Parents with kids and especially mothers (a.k.a. working moms or “soccer moms”) are today inundated with email messages that contain information related to scheduled events such as sports practice and game schedules, ballet classes, piano lessons, etc. This introduces a time consuming challenge for parents to keep current with all of these email messages. For example, to maintain an up-to-date calendar, parents must open the email messages, open the attached documents, read the email messages/documents and then manually and precisely create each calendar event in the calendaring application of choice.

In addition, many parents do not always have their computer on all the time since they are busy bussing their kids around from one activity to another. Hence, time-urgent email messages with schedule change notifications sometime get missed or read too late.

Furthermore, parents and caretakers sometimes need the same calendar entry so that all stakeholders are aware of the activity. Hence there is a need to create the same calendar entry across multiple calendars.

Currently, Google® provides techniques for scheduling calendar events using Google Mail (Gmail) messages. For example, in some limited circumstances, Gmail is capable of detecting calendar events within an email message and displaying an “add to calendar” link when a calendar event is detected. Upon selecting the “add to calendar” link, the calendar event is added to the Gmail user's calendar.

However, in order for Gmail to properly detect a calendar event, the email message text comply with a strict data format. If the text is not arranged in this specific manner, Gmail will be unable to detect a calendar event. Given the fact that most email messages related to scheduling will not comply with the Gmail format (and, in fact, may include attachments and/or images with scheduling data), the Gmail system will not detect the calendar events in these email messages.

Accordingly, what is needed is a system and method for detecting calendar events in free-form email messages and attachments which do not comply with a predetermined calendaring format.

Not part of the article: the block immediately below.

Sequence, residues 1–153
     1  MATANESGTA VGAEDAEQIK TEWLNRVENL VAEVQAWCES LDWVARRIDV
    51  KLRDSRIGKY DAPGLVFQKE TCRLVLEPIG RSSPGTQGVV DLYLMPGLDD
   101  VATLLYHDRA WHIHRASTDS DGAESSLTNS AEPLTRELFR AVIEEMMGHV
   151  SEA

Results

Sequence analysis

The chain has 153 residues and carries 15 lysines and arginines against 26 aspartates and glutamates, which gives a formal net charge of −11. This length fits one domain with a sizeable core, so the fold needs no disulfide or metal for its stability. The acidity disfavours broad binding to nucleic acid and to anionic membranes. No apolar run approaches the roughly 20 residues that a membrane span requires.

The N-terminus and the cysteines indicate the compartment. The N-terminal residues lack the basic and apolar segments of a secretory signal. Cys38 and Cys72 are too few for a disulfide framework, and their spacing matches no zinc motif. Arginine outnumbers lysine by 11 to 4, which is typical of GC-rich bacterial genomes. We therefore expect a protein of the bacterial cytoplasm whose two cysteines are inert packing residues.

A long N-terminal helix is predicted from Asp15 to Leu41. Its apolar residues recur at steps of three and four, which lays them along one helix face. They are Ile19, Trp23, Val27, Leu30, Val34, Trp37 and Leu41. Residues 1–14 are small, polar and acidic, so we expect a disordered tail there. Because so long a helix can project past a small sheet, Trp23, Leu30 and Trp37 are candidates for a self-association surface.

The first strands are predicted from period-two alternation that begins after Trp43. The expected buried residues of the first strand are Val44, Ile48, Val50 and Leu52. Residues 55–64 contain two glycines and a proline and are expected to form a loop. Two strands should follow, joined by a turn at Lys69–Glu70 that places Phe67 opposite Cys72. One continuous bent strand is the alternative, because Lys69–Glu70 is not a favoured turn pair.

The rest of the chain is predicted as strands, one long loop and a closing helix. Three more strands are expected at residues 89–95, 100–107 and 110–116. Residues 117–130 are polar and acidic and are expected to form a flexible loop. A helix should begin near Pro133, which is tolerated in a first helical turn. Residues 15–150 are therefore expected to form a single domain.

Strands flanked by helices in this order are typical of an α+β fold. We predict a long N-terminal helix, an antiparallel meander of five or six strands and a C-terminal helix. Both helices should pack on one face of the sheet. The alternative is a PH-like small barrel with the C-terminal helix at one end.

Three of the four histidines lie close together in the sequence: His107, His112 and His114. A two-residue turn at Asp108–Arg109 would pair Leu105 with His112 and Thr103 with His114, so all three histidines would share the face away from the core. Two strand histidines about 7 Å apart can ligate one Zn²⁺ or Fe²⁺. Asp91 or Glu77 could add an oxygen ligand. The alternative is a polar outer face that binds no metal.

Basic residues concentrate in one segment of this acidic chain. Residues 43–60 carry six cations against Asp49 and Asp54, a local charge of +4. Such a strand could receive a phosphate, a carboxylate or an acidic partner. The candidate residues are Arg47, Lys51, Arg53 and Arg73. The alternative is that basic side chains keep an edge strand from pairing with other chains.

SUMMARY

A system and method are described for automatically detecting calendar events within a free-form email message. For example, a system according to one embodiment of the invention for automatically detecting calendar events within a free-form email message potentially including one or more attachments comprising: a pre-processor to detect one or more keywords within a free-form email message and/or free-form attachments, the keywords indicating whether the free-form email message or free-form attachments contain a calendar event, the pre-processor identifying the free-form email message and/or free-form attachments as potentially containing calendar data upon detecting the one or more keywords; and a natural language processor to further process text from the free-form email message and/or free-form attachments to determine whether the free-form email message and/or free-form attachments contain a calendar event, the natural language processor to parse the email message and/or attachments and evaluate the email message and/or attachments using natural language processing (NLP) techniques to determine the existence of one or more calendar events; and a calendar event generator to extract calendar data from the email message and/or attachments in response to the natural language processor detecting a calendar event, the calendar event generator to update a calendar using the extracted calendar data.